In November 1977, Levi Dexter & his band, The Rockats, made their debut at the Royal College of Art, within the shadow of The Royal Albert Hall. Johnny Thunders jammmed at the end of their set. The headliner band that night was the reggae band Steel Pulse. On December 26, 1977, Levi & the Rockats closed the “Boxing Day Relapse” concert at The Music Machine in London with Siouxie & the Banshees & Adam & the Ants, establishing them as the first neo-Rockabilly band to emerge from the burgeoning London punk scene. In March 1978, Levi records “Evil Minded Mama”, a duet with Jayne County & The Electric Chairs. They toured England, Scotland, & Wales together on the first ever Ted/Punk Tour. By May 1978 Levi had relocated to the U.S. to get an ‘American Perspective’, moving first to Los Angeles where they were welcomed by bands like X. On November 10th 1978, Levi & the Rockats made their U.S. debut at Max’s Kansas City in New York opening for The Cramps.

On July 14, 1979, Levi & the Roackats, a neo-Rockabilly band from England, newly transplanted to Los Angeles, became the first rock performers to play The Louisiana Hayride since Elvis Presley played there nearly 25 years before. This is the live recording of that historic show.

Levi & the Rockats are: Levi Dexter – vocals; Eddie Dibbles – guitar; Guy Hemmer – rhythm guitar; Smut Smiff – bass; & Dean Thomas – drums. The Rockats were the last act ever introduced by legendary emcee Frank Page, who had emceed the Hayride for over 30 years & who had introduced Presley in 1954. His introduction is the opening track.

Year of Release: 1981
Label: Posh Boy PBS-162
Genre: Rockabilly


Side A –
Introduction by Mr. Frank Page
Rock-a-Billy Idol
She Ain’t No Angel
Tired & Sleepy
Lonesome Saturday Night
Side B –
Room to Rock
Crazy Baby
Love this Kat
Other Side of Midnight
Note from the South.

Download: Levi & the Rockats – Live at The Louisiana Hayride
Download Size: 61.5MB
(Ripped From 28 yr. old PoshBoy Vinyl at 320Kbps)

These Arms Are Snakes/Russian Circles Split 12″ EP

May 19, 2009

Record Store Day 2009 Logo
These Arms Are Snakes/Russian Circles Split

This is the first of a series of promo albums released for Record Store Day that I will be posting over the next few days. These Arms are Snakes is a post-hardcore band hailing from Seattle, while the members of post-rock group Russian Circles are natives of Chicago. Both bands are signed to Suicide Squeeze records, and are touring together at the present moment. This split EP was originally released to celebrate their European tour in November 2008, with only 1,000 copies being pressed on 12″ black vinyl. 500 copies were sold on tour and 500 were available on Sargent House’s webstore. It was reissued once again for Record Store Day, again limited to 1,000 pressings, only this time on 12″ clear vinyl.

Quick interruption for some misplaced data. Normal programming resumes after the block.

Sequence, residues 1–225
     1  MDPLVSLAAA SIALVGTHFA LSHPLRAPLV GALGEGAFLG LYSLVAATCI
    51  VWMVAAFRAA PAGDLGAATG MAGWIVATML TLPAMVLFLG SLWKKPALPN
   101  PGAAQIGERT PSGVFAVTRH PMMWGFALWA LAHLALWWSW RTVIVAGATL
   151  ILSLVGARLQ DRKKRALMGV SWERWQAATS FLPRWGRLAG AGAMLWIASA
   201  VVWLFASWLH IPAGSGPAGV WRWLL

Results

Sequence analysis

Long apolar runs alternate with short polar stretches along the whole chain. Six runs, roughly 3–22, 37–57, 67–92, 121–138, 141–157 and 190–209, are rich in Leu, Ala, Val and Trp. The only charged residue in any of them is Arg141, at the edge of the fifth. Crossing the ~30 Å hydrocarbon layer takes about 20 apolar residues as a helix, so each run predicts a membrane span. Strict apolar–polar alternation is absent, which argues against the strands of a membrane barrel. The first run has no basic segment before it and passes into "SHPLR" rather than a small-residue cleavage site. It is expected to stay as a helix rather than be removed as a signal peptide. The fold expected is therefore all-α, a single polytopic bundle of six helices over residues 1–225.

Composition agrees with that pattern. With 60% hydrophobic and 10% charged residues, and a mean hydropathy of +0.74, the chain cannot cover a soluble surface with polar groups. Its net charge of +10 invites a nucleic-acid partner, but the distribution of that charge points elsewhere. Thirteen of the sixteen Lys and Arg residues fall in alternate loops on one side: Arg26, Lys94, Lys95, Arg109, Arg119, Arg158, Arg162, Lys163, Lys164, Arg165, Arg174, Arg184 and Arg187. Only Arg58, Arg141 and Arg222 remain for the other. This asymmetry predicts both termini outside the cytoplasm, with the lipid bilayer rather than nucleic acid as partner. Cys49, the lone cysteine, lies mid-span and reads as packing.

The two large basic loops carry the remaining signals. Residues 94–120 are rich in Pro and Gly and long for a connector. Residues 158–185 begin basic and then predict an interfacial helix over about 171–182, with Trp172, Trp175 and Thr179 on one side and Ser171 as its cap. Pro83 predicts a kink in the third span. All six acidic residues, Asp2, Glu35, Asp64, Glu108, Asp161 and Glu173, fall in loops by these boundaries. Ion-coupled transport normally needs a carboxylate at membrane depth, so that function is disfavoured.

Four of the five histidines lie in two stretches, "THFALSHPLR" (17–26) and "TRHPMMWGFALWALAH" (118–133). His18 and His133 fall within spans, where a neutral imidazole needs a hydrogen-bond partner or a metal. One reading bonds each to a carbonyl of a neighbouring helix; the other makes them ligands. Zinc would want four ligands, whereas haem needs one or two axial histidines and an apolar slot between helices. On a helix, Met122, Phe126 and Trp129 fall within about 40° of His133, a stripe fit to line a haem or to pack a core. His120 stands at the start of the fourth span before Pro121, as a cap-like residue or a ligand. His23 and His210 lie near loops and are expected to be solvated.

Year of Release: 2008/Reissued in 2009
Label: Sargent House
Genres: Post-Hardcore, Post-Rock, Math Rock
Bitrate: 260VBR

Phallus Dei – Pornocrates

May 19, 2009

As I promised several people, more Phallus Dei. If you want more info about the band, go here. Phallus Dei put a lot of time & creative effort into writing their songs. The payoff is an immaculate sounding & composed piece of musick. This is one powerful album.

“Monumental.” On Pornocrates the line-up is the same as Cyberflesh.

Phallus Dei is: Oliver St. Lingam – vocals & sequencing; Mk. E – guitar, acoustic guitar, flute, bass, & keyboards; Joris Huijbregts – bass, keyboards, accordion, & sequencing; & Richard van Kruysdijk – drums, percussion, synthesizer, keyboards, guitar, & sequencing. Written, arranged, produced & performed by Phallus Dei.

Best music

Year of Release: 1994
Label: Paragoric PA 06
Genre: Electronic Industrial


Dog (Prologue)
On Aloneness
The Arising (A New Day Version)
Unguided Love
Pornocrates (Bloodlust a Go-Go version)
The Outer Bone
Circles on Circles (Dreams ov Channel Five version)
Never to Believe (My Release version)
Veiled Statues
Dead Birds Floating
Current Lullabye (Epilogue)

Download: Phallus Dei – Pornocrates
Download Size: 109.9MB

Eminem’s Relapse Inspires Our Fantasy Slim Shady Playlist

May 18, 2009

DJ Drama, the Alchemist, DJ Whoo Kid and more offer up their favorite Em tracks to Mixtape Daily.
By Shaheem Reid

Photo: MTV News

Mixtape Daily Special Report

Eminem has been a beast since his demo tape. We all know that. He’s told us the good, the bad and the disgusting in his life and never held back any punches. He throws haymakers on the mic, from guest collaborations like “Off the Wall” with Redman and “Renegade” with Jay-Z to the album cut “Marshall Mathers.” He’s one of the best to ever to do it, and he’s made a return to spotlight with his new LP Relapse.